Ferguson rues the week United let their season's hopes slip away
Manager is downbeat about his chances of snatching the title away from Chelsea
Sir Alex Ferguson looked even less optimistic about a fourth successive title yesterday than a Scottish political leader, whose virtues he has been extolling in recent days, probably felt about a fourth successive term in office.
Ferguson has seen some writing on the wall about tomorrow afternoon and his thoughts already seem to have drifted way beyond the occasion, to what may be his most important summer of rebuilding for some years. He hinted at a squad "freshening up" during his club's awards ceremony on Wednesday night – "it's not a desire to do it; it's a need to do it," were his words – and his reluctance to take a question on that point yesterday bore out the impression that plans are afoot. "I'm not dealing with anything about that now. We will look at things," he said.
Though the United manager also reflected in midweek that there was no point torturing himself over the might-have-beens which leave his fragile title hopes resting on the highly unfeasible scenario of Chelsea dropping points at home to Wigan, he clearly can't stop himself. The nine-day period last month, in which United were eliminated from the Champions League by Bayern Munich and so buffeted by the first-leg defeat that they failed to turn up in the home defeat against Chelsea, is gnawing away at him. "The one bad week in the season that is maybe going to cost us everything," he declared gloomily. "It's not easy to overcome these things."
Those nine days laid bare United's unhealthy over-dependence on Wayne Rooney, though Ferguson believes United were damned by a series of factors outside his own control. Defeat to those "typical Germans" was a scandal, he maintains. "It's an absolute travesty we're not in the final; an absolute travesty. We were the best team." The Chelsea defeat was at least partly the product of officiating. "The refereeing decision against Chelsea influenced the destiny of the title, I think," he said. "You can agonise on these things but it doesn't do any good."
But United's destiny has been in their hands in a way that it will not be tomorrow, when Stoke arrive for the last fixture of the season at Old Trafford. Truth is, they have not looked like champions often enough and have perhaps overachieved even to make it to the last Sunday in contention, given the cavernous hole left by Cristiano Ronaldo and Michael Owen's failure to be anything like a replacement for Carlos Tevez. Ferguson played down the notion that United probably dared not hope to be where they stand today but it is a testament to his powers of alchemy that they do.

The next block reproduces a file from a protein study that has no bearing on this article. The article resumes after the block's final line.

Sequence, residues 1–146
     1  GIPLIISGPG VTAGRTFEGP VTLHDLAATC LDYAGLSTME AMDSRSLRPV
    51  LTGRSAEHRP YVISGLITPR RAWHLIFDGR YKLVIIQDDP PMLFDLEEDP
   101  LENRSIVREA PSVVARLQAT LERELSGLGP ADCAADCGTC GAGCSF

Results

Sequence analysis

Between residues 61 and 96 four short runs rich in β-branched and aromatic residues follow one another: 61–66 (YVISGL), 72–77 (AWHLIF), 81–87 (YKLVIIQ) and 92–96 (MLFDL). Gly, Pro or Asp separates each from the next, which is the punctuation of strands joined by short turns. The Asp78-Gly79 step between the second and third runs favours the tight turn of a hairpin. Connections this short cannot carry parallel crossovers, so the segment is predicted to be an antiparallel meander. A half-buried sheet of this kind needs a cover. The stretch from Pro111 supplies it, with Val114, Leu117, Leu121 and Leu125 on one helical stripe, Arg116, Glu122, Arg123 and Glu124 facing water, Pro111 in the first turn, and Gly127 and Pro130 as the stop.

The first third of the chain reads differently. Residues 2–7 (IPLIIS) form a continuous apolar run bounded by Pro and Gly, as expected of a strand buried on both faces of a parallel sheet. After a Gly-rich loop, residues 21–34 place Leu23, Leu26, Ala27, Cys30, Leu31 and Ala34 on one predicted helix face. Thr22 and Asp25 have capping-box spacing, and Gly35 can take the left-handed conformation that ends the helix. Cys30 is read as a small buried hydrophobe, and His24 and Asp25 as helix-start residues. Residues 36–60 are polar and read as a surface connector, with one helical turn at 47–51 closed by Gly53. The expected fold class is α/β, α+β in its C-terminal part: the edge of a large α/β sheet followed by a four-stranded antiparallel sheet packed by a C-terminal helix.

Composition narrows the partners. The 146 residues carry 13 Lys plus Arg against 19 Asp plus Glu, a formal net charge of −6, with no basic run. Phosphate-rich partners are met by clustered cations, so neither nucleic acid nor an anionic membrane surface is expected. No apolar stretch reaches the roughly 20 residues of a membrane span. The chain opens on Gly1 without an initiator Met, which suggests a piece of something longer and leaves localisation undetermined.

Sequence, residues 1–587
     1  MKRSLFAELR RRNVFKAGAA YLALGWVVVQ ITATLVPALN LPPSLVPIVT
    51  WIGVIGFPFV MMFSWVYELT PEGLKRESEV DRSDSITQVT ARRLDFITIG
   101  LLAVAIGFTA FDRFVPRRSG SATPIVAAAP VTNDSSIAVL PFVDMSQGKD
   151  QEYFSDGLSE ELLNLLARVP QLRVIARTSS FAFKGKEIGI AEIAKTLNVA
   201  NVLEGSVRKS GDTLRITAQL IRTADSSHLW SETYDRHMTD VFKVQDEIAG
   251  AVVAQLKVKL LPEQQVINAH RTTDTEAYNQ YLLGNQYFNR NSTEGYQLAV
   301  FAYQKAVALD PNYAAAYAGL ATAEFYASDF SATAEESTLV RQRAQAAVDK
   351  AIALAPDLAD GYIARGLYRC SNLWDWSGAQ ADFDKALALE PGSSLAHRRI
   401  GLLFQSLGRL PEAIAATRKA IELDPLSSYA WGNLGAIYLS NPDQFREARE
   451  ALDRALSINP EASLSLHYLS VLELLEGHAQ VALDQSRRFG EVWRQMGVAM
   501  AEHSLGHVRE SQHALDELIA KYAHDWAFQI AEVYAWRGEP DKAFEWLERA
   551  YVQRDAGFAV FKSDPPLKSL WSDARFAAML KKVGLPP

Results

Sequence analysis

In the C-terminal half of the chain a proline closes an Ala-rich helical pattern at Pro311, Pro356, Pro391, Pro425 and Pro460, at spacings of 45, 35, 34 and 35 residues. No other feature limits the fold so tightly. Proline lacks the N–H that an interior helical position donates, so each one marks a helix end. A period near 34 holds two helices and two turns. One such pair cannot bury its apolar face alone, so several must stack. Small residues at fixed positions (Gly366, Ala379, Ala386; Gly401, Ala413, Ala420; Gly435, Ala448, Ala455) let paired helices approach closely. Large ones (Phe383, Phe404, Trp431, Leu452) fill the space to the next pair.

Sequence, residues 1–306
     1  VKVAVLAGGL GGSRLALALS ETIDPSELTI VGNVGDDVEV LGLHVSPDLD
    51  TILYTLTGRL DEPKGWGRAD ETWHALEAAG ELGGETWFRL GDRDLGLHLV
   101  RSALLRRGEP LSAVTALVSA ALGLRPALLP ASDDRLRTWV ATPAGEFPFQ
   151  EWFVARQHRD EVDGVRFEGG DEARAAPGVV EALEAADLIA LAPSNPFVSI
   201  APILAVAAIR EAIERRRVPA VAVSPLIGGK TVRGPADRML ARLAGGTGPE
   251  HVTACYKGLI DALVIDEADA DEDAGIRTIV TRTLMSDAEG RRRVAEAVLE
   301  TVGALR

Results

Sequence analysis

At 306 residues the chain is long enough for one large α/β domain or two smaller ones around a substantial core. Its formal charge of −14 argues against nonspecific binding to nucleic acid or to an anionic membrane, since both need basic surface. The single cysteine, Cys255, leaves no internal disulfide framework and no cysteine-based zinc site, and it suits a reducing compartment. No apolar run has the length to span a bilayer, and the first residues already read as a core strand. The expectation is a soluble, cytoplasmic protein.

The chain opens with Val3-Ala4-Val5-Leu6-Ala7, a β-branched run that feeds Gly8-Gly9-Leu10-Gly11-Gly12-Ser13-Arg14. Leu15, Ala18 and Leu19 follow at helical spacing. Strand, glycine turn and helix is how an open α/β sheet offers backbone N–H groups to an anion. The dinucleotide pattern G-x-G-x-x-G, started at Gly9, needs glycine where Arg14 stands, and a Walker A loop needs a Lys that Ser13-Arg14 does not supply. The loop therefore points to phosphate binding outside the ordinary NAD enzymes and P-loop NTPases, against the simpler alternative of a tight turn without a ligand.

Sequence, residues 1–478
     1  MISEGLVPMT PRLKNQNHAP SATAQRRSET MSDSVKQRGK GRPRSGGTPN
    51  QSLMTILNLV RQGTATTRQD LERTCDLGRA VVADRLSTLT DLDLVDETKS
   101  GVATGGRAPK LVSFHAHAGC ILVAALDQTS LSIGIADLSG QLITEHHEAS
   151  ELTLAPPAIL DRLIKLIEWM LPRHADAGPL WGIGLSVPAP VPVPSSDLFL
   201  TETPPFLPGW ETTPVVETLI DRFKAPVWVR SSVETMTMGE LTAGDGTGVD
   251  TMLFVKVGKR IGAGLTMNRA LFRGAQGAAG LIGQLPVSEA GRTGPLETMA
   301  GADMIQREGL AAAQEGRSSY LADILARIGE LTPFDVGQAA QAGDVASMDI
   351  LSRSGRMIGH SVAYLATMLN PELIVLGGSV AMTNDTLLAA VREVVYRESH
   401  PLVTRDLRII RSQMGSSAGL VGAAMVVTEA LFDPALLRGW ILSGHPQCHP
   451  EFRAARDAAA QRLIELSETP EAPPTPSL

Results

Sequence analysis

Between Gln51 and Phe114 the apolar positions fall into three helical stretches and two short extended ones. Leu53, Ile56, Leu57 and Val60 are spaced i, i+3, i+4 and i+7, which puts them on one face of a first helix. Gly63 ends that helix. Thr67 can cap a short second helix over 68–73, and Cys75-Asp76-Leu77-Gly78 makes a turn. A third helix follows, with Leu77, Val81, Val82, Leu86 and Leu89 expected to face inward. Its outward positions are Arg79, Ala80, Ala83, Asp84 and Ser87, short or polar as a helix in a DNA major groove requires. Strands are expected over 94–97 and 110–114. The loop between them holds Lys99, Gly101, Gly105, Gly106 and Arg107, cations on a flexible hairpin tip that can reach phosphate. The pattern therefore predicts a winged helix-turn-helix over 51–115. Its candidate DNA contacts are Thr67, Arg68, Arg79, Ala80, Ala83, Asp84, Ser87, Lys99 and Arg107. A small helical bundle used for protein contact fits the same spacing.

The "freshening" he spoke of may be in the goalscoring and midfield departments and a new goalkeeper is a possibility. For the first time, Ferguson did not dismiss Ben Foster's call for a move elsewhere to resurrect his career. "I've had a chat with Ben about that. I can understand his dilemma, there is nothing you can do about that, to be honest with you. We'll just see what the future brings for the boy." He also reflected yesterday that next season could conceivably be the last one for that old band of brothers Giggs, Scholes and Neville.
The fact that Roberto Martinez's Wigan might just help turn tomorrow afternoon into Ferguson's most extraordinary title party yet was almost an oversight. "It's pointless going into the game expecting anything from Chelsea in our favour. In a way that helps us because we can express ourselves," reflected Ferguson, whose winger Antonio Valencia has kicked his last ball of the season because of an ankle injury.
Ferguson is preparing himself for the extraordinary occasion these last-day events can be, expecting to know exactly what's going at Stamford Bridge, for instance. "There are TV people in front of you, crowd reactions sometimes tell you. Sometimes it's false. They try to boost the team by cheering when there's nothing really happening in the other game." It is the fifth time in his spell at United he has been involved in a final-day title decider, though in keeping with the glum countenance, he was remembering only 1995 when Liverpool did United a favour by beating Blackburn, only for his own side to draw at West Ham. "We couldn't get the ball past their big goalkeeper," he said, recalling Ludek Miklosko's performance, if not his name.
It's never quite over until the end, though – and Manchester City's injury-time experiences against Ferguson this season attest to the folly of ruling out an upset when United are around. "If it goes to the last game of the season, as it's done five times here – yeah, so what?" was as cheerful as the manager got. "It's not a problem for us. You don't mind winning anything with the last kick of the ball."
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